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GP Week : Issue 142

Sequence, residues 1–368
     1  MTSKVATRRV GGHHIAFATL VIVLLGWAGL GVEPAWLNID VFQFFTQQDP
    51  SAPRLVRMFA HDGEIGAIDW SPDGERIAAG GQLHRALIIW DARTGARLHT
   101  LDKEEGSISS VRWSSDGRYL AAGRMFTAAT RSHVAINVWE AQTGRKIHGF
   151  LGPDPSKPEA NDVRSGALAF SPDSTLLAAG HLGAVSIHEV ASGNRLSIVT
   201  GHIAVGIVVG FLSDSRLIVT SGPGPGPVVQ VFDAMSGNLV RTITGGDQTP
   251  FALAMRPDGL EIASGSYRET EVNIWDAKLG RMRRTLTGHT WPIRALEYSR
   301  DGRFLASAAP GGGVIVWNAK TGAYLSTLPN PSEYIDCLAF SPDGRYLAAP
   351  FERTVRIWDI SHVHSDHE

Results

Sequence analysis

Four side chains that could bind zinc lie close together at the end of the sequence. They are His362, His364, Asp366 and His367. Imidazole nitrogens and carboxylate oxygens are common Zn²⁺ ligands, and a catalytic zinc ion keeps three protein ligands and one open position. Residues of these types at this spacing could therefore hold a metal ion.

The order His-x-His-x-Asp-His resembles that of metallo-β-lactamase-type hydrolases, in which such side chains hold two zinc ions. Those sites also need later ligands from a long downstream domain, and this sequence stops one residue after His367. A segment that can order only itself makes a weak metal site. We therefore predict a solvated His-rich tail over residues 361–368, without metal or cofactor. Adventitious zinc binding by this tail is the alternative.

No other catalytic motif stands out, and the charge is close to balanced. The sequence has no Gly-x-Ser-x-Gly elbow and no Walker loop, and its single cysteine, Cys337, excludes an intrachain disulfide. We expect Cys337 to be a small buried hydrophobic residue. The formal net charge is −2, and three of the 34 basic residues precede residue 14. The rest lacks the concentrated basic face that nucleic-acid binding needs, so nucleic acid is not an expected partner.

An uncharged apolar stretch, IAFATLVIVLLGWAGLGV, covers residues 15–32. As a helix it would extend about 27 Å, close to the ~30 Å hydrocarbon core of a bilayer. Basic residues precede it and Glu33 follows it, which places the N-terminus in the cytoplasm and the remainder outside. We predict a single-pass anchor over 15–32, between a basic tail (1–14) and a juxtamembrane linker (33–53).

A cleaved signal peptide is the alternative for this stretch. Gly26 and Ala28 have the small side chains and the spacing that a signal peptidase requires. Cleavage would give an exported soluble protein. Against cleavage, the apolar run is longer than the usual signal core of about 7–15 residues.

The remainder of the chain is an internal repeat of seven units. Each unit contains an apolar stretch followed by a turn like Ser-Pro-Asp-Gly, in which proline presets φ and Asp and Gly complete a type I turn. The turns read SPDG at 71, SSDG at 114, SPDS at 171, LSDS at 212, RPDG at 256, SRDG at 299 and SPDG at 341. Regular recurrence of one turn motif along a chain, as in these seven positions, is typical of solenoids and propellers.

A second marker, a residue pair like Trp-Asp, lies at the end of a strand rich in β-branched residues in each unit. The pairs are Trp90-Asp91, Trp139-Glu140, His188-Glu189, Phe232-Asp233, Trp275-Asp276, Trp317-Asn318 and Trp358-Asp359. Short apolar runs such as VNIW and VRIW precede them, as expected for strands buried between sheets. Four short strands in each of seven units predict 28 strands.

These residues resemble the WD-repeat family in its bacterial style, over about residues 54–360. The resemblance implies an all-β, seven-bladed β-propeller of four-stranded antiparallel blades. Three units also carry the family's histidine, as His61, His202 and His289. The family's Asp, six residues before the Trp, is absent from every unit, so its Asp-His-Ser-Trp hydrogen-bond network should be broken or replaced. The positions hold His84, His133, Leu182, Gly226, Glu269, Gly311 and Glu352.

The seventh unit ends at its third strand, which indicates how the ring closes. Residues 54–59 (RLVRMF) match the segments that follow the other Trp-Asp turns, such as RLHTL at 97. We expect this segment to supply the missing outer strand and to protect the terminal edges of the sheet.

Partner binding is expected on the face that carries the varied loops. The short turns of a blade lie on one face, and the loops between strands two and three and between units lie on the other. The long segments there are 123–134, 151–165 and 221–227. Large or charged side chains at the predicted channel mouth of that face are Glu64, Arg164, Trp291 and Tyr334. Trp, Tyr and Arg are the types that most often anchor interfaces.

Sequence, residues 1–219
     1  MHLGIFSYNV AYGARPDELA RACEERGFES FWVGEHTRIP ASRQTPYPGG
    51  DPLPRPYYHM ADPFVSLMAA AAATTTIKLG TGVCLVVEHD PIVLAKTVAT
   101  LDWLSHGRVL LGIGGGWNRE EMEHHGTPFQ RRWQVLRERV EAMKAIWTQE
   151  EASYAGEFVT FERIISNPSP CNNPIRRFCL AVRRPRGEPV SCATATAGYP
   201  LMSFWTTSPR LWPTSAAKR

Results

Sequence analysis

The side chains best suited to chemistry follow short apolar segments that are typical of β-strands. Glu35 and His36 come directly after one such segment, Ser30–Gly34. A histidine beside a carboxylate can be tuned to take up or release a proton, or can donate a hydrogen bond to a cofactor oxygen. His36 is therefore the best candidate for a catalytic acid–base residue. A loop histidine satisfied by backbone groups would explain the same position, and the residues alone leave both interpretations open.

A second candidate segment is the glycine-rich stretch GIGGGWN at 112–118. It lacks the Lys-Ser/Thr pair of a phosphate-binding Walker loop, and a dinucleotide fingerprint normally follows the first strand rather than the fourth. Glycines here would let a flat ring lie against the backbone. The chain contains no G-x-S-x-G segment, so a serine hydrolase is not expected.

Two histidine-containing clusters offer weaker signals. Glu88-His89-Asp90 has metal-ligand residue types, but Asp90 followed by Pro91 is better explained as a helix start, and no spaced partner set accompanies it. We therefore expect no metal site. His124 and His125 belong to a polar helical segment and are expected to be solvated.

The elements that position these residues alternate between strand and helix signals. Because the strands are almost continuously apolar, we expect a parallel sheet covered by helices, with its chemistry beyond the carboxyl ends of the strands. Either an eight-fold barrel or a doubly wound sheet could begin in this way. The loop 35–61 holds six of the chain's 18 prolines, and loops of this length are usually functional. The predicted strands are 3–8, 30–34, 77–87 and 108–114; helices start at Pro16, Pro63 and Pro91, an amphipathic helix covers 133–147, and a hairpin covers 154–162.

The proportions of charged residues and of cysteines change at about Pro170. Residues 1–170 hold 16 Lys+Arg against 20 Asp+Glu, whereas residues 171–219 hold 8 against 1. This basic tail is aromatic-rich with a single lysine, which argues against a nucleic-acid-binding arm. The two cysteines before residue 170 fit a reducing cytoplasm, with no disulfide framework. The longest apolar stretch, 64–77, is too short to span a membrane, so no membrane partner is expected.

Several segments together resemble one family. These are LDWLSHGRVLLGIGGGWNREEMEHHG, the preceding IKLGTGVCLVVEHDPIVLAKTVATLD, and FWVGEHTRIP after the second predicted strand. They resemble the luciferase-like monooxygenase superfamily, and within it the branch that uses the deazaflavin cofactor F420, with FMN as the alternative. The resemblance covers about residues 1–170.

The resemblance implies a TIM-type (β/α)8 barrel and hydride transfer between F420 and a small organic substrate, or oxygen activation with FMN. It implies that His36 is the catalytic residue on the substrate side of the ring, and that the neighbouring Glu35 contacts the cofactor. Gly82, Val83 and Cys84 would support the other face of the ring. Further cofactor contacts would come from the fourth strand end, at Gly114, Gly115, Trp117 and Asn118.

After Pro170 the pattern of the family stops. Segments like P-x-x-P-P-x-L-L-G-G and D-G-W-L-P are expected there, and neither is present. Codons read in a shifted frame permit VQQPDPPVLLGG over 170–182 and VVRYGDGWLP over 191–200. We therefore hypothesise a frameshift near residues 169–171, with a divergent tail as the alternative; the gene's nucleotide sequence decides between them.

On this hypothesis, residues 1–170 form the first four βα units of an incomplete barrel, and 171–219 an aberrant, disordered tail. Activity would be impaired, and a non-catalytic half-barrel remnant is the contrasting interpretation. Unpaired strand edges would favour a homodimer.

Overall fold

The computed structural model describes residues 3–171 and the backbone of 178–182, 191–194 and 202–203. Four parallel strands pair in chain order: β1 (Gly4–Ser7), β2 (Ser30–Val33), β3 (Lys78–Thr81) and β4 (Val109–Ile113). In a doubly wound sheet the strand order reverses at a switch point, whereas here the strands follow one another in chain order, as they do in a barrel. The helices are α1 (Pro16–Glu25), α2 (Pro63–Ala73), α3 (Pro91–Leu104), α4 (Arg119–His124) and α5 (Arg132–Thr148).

to access a HUGE global audience ADVERTISE in GPWEEK HIGH SIDES n Nicky Hayden was ruled out of last week’s important tests on the morning he was due to ride, when doctors found a small scaphoid fracture in his right wrist, the result of the first-corner crash in Sunday’s race. “I’m bummed out about it, but at least I’ll have time to recover,” he said. n Jorge Lorenzo was also absent from the test line-up, still recuperating from the loss of the tip of his left ring finger, after crashing at Phillip Island. n Will it end in tears? Paris Hilton’s sponsorship of the Blusens 125 team that fielded four-race winner Maverick Vinales was always incongruous. Now it has gone sour, with co-sponsor entertainments group SuperMartXé threatening legal action against the American glamour-girl. They allege she had agreed to show up at more races than the two she did visit – Catalunya and Valencia. n The nearly-man of the last 125 class, Frenchman Johann Zarco, took a first Moto2 test at Valencia on his new JiR Motobi machine. Reliably one of the most exciting 125 riders, Zarco will join the class along with title winner Nico Terol. n Ducati has welcomed the easing of restrictions in testing confirmed in the last issue of GPWEEK. Having been banned except at official tests, MotoGP riders can now use up to 240 tyres a year for testing at designated circuits – a role previously taken by test teams. Filippo PreziosI added it was more economically efficient for Rossi to test the bike, when he was currently being paid by Ducati for “sleeping in his room”. n Calamity piled on misfortune for American racer John Hopkins, who made good progress in 2010 rebuilding a career that had gone off the rails. His hopes of a 2012 MotoGP return with Suzuki were dashed when the factory pulled the plug on the team. By then, another possibility with LCR Honda had gone west, with the bike now earmarked for Stefan Bradl. On top of it all, he was also rushed to hospital in the early hours with worrying infection complications to the hand injury incurred as a wild card at Brno. IN response to a deadline set by Dorna, the axe finally fell on the on-again/off-again Suzuki MotoGP team last Friday, with the factory decision to pull out of the premier racing series. There has been no official confirmation of the decision, but Rizla-Suzuki team members were informed by email on Friday that they would not be taking part in next year’s series. The message from team manager Paul Denning added that the racing department hoped to return to MotoGP in 2014, and was continuing the development programme with a 1000cc prototype machine. As reported recently in GPWEEK, Suzuki had two engines under development – a V4 like the current GSVR and an in-line four. We understand that the in-line version will be chosen for any future project. Denning was not available for comment last weekend. Like the team, Dorna had been in the dark until Friday. The delay in the decision was in turn delaying finalising the 2012 entry list, hence the Friday deadline for the decision. After dilly-dallying for months, Suzuki waited until the last before deciding to quit. On the previous Tuesday, after the departure of rider Bautista, jobless Frenchman Randy de Puniet tested the 800cc machine, setting good lap times and impressing the team. Hopes of securing a ride came to naught, however. FORMeR 250 champion Alvaro Bautista is to take the place of the late Marco Simoncelli in Fausto Gresini’s team, after a frantic last-gasp reshuffle in the last round of rider musical chairs. The 26-year-old Spaniard, fresh from two up-and-down seasons on the Rizla Suzuki, had his first ride on a Honda MotoGP bike in the two-day test last week. But it was only the 800cc version, with next year’s 1000s reserved for factory riders Stoner and Pedrosa. Events came thick and fast, with Suzuki announcing Bautista’s departure from the team on Wednesday, while still awaiting word from the factory as to whether they would continue next season. Bautista later said he had decided to leave at the previous round, but brushed off comments that he was taking the benefit of Simoncelli’s death, after turning his back on an offer to ride an LCR Honda in another satellite team. A report in MCN quoted him: “Sure I couldn’t come to this team without the tragedy that happened to Marco and it is certainly not the best way to do this. More than anything I want to do a good job for Marco. I will try my best to stay in the same position he was achieving.” With strong links to HRC, the Gresini team has a higher status than LCR, and had been promised a full factory bike for Simoncelli next year, as in 2011. It is not known whether the same level of support will be forthcoming for Bautista. The ever-smiling Spaniard’s hopes of staying with Suzuki had been dwindling as the factory dithered on its decision. At the same time, the Rizla-backed machine’s per formance had improved radically in the latter half of the season. Bautista started from the front row in Australia and qualified fourth at Valencia, although crashes meant he didn’t add good finishes. Bautista’s first test on the 800cc Honda saw him compete 55 laps, with a best time four-tenths slower than his qualifying time on the Suzuki. Suzuki out ... Bautista takes the Simoncelli saddle 16